Compliance Programs are Starting to Take Root Within MLB


Post By: David D Dodge

In the wake of a months-long investigation by Major League Baseball (MLB) of allegations of sexual harassment against Los Angeles Angels’ pitching coach Mickey Callaway, MLB has taken steps to shore-up its “compliance program.” While neither MLB nor its member organizations have formally announced the actual formation of compliance and ethics programs, steps have been taken by MLB and some teams which closely resemble the initial development of such initiatives. According to a recent report by Jack Harris of the LA Times, MLB has “updated its workplace code of conduct pertaining to sexual harassment and discrimination, introducing a new third-party hotline for reporting violations and required anti-harassment and discrimination training for executives during spring training.”

The investigation of Callaway resulted in MLB’s placing him on baseball’s restricted list for two seasons. Placement on this ineligible list forbids Callaway from employment with MLB or any affiliated major or minor league teams. Following the 2022 season at the earliest, Callaway is eligible for reinstatement.

The MLB investigation spanned Callaway’s positions not just with the Angels, but earlier employment as manager of the New York Mets and pitching coach with the Cleveland Indians. According to a report earlier this year by The Athletic, allegations against him personally revolved around reports by “five women in the sports media industry who anonymously accused him of making inappropriate advances towards them, including comments on their appearance, sending unsolicited shirtless photos of himself, and in one instance, requesting nude photos in return.”

While Callaway initially denied these reports, he later released a statement of apology while expressing his hopefulness that he can return to baseball at some point in he future. In the statement released by a spokesperson, Callaway said, “I apologize to the women who shared with investigators any interaction that made them feel uncomfortable. To be clear, I never intended to make anyone feel this way and didn’t understand that these interactions might do that or violate MLB policies. However, those are my own blind spots, and I take responsibility for the consequences.”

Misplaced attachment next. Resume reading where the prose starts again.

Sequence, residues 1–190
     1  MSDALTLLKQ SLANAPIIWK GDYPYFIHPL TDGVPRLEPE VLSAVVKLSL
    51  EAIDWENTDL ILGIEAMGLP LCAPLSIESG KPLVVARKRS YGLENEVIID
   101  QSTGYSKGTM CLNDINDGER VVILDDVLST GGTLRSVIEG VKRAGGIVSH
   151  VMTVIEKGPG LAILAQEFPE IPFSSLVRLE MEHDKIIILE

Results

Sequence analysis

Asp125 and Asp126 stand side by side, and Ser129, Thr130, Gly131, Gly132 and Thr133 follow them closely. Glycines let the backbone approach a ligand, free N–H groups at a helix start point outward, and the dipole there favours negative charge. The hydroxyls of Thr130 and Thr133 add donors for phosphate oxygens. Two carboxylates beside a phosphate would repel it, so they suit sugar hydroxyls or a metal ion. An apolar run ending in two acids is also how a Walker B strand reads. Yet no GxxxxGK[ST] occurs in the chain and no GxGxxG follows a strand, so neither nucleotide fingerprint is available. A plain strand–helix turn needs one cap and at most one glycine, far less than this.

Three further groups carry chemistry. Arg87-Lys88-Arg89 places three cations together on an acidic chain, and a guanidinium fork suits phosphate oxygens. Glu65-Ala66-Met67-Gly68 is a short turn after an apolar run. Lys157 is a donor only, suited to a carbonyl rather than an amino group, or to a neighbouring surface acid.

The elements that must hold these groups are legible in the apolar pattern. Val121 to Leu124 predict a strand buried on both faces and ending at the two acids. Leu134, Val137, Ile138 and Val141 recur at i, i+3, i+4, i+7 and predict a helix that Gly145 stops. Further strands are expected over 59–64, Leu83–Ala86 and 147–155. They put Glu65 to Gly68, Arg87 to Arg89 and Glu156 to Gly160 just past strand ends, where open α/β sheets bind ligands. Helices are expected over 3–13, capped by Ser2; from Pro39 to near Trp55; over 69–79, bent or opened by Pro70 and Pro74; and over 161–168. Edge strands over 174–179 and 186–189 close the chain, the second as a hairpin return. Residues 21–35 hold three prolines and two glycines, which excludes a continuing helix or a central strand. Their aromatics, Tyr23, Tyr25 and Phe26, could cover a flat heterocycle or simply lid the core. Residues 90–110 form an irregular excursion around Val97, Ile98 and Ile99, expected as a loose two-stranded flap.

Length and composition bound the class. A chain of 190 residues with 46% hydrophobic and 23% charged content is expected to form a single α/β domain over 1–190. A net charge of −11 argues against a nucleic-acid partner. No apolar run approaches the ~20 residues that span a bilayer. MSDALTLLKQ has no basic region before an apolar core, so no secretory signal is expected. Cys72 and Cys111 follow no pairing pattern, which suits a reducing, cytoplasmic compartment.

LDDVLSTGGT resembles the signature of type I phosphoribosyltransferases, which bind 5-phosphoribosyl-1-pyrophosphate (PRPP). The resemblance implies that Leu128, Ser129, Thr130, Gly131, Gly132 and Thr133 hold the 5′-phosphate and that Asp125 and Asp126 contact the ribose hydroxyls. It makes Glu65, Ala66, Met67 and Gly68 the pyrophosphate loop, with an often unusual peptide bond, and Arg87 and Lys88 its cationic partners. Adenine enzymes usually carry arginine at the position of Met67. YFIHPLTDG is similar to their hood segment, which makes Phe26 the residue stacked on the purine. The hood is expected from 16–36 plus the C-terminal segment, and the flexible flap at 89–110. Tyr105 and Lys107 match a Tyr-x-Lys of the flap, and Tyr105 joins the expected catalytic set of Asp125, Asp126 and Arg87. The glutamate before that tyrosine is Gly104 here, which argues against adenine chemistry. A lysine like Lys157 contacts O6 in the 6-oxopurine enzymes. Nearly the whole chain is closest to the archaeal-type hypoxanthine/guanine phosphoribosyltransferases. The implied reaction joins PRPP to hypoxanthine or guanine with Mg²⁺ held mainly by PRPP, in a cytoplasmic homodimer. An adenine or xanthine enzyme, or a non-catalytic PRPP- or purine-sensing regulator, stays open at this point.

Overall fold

Teams have followed MLB’s lead. For example, MLB’s report prompted Cleveland Indians owner Paul Dolan to issue a statement that the team has “contracted an external expert with extensive experience related to workplace culture and reporting practices to improve the club’s handling of matters related to harassment in the workplace.” In a subsequent Zoom call with reporters, Indians’ team president Chris Antonetti expressed regret that the team did not do a better job to “to foster a workplace where employees could feel comfortable reporting instances of harassment to management.” Antonetti went on, “what keeps me up at night is thinking about the fact that these behaviors happened in our environment and these women experienced what they experienced and didn’t feel comfortable surfacing and reporting them… so I want to make sure we do everything we can to create a better environment moving forward.”

For any organization, the establishment of a formal compliance and ethics program is not a quick or easy fix. However, the process of developing programs is at least taking root within MLB and several of its member organizations. The action has jump started with the Callaway investigation serving as a risk assessment step, with the initial focus of identifying problems with sexual harassment. Thereafter, MLB took steps in the right direction by updating its code of conduct, establishing a hotline to facilitate anonymous reporting of wrongdoing, and expanding and improving training. Clearly, MLB Commissioner Rob Manfred and a growing number of team owners and executives are on the right track towards reducing the serious problems which detract from the appeal of the sport.